By Dr. Elizabeth King, LCSW, CHt
With Father’s Day approaching, I’ve been thinking about fathers in general.
Some of us are lucky enough to have amazing dads, biological or otherwise, who support us, allow us to grow, provide strength when it’s needed, give advice even if it’s not, and who are proud of us for being strong, smart, and sassy.
Others among us aren’t so lucky. Maybe the relationship between father and daughter can best be put as “complicated”, maybe it’s worse than that, or maybe he’s just never been around at all.
Our fathers may or may not have had a hand in shaping us into the women we are. Are we strong and self-assured thanks to good dads? Or confident and mature in spite of less than perfect ones?
As adults, we can choose how our father figure relationships affect our futures, but only if we are aware of how they have affected our pasts. If your father was fantastic, you can strive to share as much of his wisdom and strength as possible with other people in your life. If the opposite is true, we can learn from that as well and strive not to pursue unhealthy relationships.
We also have a lot to think about the example we set for the young women in our lives – our children, if we choose to have any, or any other youth we befriend, mentor, or support. The men we let into our lives also affect our other relationships, and provide teaching moments for watchful young eyes.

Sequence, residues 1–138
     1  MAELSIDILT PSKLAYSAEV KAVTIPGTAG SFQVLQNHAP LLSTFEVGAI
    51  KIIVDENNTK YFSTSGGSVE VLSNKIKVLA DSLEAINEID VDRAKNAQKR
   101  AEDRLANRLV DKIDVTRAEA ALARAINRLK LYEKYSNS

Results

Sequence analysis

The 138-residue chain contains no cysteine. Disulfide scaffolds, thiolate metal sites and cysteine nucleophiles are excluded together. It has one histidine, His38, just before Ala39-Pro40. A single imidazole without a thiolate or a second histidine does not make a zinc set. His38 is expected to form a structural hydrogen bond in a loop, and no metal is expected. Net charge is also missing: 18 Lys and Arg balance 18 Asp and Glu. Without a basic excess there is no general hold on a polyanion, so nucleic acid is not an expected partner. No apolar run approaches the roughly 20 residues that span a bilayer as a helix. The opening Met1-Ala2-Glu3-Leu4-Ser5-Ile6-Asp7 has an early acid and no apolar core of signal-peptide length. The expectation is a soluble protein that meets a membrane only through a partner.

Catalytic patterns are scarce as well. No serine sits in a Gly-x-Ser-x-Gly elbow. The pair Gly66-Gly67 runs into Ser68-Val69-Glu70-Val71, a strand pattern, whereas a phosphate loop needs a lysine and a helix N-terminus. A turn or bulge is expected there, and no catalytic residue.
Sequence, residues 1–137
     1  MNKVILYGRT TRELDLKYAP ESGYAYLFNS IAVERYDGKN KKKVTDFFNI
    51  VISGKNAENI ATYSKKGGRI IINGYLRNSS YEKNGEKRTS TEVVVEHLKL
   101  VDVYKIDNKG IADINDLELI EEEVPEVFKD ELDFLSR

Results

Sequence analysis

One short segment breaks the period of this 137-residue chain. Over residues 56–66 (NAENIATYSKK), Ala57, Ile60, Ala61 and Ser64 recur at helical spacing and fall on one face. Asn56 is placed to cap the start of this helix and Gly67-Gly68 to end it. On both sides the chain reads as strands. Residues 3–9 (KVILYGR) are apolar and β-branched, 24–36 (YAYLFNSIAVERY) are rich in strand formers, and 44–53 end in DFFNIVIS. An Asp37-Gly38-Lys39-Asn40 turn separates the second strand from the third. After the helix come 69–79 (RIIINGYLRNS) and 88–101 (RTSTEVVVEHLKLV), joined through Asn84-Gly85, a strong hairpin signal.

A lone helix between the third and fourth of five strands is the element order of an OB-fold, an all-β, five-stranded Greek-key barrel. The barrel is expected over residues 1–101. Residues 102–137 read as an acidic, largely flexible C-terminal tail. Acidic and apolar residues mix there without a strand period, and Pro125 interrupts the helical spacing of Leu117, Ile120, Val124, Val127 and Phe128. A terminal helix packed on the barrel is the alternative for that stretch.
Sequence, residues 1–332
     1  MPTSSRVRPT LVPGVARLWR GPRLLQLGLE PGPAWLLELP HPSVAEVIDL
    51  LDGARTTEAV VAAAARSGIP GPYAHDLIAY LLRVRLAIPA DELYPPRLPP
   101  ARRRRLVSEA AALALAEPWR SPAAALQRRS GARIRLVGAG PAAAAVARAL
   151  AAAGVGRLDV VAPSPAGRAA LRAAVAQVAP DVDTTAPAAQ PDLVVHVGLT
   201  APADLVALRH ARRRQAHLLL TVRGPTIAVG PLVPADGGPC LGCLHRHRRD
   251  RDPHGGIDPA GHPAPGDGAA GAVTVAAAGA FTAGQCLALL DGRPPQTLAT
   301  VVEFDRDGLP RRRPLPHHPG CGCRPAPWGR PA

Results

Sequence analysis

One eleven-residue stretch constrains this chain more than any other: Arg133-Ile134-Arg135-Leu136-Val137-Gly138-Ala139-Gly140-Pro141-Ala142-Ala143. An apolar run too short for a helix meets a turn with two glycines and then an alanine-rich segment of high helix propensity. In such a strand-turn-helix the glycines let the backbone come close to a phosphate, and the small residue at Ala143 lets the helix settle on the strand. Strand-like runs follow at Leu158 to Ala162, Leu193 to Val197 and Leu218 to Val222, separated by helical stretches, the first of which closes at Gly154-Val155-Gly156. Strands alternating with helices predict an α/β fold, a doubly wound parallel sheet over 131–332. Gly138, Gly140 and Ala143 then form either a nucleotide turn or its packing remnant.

Whether the men in our lives are our own fathers or the fathers of our children, our friends, boyfriends, husbands, or soulmates, the way we treat them and allow them to treat us helps shape the culture we want to leave for those women who come after.
If your father is a terrific dad, don’t forget to appreciate him this month. If your significant other is a great dad, do the same. If you know a man who consciously fights against toxic culture and strives to be more than the bare expected minimum, let him know he’s doing the right thing.
Sons deserve men they can look up to, who teach them that emotions aren’t shameful, and that women are deserving of respect. Girls deserve men who boost them up instead of holding them back, who tell them yes, they too can run for President, that they deserve respect – for their bodies, their brains, and their skills.
This Father’s Day, let’s hear a big SASSY shout-out for all the fantastic dads in the world – whether they are ours or not. You go, Dads!
It’s time to put on your lipstick attitude and get out there and live a SASSY life!